Jim Ratcliffe has thrown his hat into the ring as a "potential buyer" of Manchester United, a spokesman for the British businessman has said.
The billionaire would be prepared to buy a stake as a prelude to assuming full control at Old Trafford from the Glazers, the spokesman told The Times newspaper.
Who is Jim Ratcliffe?
Ratcliffe is a British chemical engineer and businessman. The 69-year-old made his money through shale gas as a co-founder of Inspec, before launching Ineos in 1998, where his fortunes really flew.
His company sells a diverse range of products, from synthetic oils and plastics to solvents used to make insulin and antibiotics.
Ratcliffe still owns two-thirds of the company, and which has been estimated to have a turnover of $15 billion in 2019.
In 2006, Ineos bought BP's refining and petrochemical arm Innovene and in 2010, Ratcliffe relocated Ineos' head office to Switzerland.
What is his net worth?
In 2018, Ratcliffe was named Britain's richest, with a personal fortune of £21.05 billion. A recent Forbes report estimated Ratcliffe's current net worth at $16.3bn (£13.5bn).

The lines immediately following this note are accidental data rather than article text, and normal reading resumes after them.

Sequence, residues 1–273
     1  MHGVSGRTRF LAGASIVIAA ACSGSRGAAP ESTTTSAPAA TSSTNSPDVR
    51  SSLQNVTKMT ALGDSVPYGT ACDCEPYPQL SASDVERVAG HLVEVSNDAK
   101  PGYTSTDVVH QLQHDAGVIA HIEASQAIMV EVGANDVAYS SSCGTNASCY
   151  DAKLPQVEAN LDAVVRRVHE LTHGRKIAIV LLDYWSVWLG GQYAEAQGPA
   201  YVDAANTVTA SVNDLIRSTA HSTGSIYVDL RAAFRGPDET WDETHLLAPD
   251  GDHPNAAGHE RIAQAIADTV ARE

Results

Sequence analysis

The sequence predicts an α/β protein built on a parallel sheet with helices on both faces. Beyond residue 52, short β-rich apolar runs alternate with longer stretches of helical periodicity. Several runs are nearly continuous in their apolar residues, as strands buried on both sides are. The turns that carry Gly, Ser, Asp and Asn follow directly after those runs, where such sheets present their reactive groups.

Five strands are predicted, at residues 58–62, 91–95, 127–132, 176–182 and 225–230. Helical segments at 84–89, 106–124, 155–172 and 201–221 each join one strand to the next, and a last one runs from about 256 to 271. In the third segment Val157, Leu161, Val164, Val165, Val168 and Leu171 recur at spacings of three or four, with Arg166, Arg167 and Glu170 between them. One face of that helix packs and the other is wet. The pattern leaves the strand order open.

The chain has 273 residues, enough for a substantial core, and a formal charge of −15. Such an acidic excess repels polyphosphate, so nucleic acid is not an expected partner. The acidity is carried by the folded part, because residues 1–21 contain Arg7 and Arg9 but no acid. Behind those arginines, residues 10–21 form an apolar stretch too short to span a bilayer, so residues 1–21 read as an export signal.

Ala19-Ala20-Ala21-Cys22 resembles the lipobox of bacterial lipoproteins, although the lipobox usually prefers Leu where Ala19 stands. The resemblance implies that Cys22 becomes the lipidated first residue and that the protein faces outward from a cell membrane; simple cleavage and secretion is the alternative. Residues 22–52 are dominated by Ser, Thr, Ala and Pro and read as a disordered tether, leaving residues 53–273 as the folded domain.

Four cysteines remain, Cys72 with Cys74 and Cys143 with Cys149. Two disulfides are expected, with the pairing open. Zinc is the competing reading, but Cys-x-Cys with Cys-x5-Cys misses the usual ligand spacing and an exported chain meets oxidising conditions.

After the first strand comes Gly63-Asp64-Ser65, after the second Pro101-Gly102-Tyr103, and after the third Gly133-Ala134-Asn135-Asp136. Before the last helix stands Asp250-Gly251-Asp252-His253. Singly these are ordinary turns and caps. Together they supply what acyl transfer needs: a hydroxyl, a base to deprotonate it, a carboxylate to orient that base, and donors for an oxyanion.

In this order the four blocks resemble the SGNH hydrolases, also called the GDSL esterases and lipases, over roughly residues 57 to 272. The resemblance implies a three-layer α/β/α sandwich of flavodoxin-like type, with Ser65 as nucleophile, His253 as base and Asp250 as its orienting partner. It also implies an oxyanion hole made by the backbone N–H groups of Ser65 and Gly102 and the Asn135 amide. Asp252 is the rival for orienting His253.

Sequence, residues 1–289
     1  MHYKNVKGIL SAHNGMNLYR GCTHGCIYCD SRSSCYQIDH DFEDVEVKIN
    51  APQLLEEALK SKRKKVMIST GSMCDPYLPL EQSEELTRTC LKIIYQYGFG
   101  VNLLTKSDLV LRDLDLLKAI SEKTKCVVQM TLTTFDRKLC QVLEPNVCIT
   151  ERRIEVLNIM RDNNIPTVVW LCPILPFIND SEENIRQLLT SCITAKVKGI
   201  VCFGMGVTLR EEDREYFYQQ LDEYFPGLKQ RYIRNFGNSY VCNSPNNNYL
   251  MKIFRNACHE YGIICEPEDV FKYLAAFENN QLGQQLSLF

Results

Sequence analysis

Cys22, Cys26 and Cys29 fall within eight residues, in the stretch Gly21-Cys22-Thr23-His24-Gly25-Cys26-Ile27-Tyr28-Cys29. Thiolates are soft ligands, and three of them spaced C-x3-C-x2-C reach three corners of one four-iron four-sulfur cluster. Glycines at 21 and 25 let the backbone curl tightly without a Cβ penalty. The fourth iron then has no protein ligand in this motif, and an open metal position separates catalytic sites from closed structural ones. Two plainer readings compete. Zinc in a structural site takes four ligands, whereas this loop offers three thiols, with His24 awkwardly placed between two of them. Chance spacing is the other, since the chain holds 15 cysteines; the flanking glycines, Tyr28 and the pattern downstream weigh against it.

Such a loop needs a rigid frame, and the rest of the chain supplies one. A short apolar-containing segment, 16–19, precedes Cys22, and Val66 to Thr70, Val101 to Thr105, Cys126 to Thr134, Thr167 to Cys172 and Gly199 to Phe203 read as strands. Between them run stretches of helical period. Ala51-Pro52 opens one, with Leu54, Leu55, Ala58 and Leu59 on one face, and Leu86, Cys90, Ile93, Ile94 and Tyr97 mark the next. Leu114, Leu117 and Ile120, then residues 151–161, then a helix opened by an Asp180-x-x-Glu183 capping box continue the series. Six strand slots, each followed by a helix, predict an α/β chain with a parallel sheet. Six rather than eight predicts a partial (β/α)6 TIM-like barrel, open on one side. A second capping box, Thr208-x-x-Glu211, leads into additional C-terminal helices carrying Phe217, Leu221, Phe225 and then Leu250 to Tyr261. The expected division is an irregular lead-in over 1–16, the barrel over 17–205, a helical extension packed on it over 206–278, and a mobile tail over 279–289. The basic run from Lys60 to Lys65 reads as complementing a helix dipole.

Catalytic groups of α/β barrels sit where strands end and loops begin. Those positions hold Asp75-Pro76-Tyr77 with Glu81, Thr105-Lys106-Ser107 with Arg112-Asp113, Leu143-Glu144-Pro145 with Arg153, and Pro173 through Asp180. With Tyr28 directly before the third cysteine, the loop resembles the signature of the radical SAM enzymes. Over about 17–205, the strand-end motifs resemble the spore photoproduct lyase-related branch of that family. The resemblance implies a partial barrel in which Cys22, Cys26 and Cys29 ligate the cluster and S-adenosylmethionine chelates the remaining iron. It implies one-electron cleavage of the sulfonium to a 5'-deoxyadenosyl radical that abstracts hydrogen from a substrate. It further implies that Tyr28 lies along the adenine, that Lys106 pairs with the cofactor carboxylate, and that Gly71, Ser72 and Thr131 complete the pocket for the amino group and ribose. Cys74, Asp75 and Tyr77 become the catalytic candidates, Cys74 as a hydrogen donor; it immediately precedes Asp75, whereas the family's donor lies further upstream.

According to the Daily Mirror, Ratcliffe's annual salary is an estimated annual salary of $10m (£7.4m).
Does he own any other sports teams?
Ineos already owns French Ligue 1 football club Nice, Swiss side FC Lausanne-Sport, the former Team Sky cycling franchise, and also sponsors Formula One constructors' world champions Mercedes.
In May, Ratcliffe made an unsuccessful £4.25bn offer to buy Chelsea after owner Roman Abramovich put the London club up for sale.
He lost out to US businessman Todd Boehly's consortium.
Would he be welcome by the United fans?
Given the hostility towards the current owners, yes.
Ratcliffe is a lifelong Manchester United fan, born in Oldham, Greater Manchester in 1952 and has the funds to help the 20-time English champions compete with the likes of neighbours City and Liverpool.
On Wednesday, Bloomberg reported the US-based Glazer family would consider selling a minority stake in the Premier League club, as pressure mounts on their ownership.
Discussions are ongoing and there’s no certainty the Glazers will decide to sell a stake in the club. A representative for United and the Glazer family declined to comment as shares rose as much as 7.6 per cent in New York on Wednesday.
An Ineos spokesman told The Times newspaper Ratcliffe would be prepared to buy a stake as a prelude to assuming full control at Old Trafford.
"If something like this was possible, we would be interested in talking with a view to long-term ownership," the spokesman said.
The Glazers, who bought United in 2005 in a leveraged buyout that saddled the club with a mountains of debt, have long been accused of taking more out financially than they have invested in terms of transfer funds or in redeveloping the club's crumbling Old Trafford ground.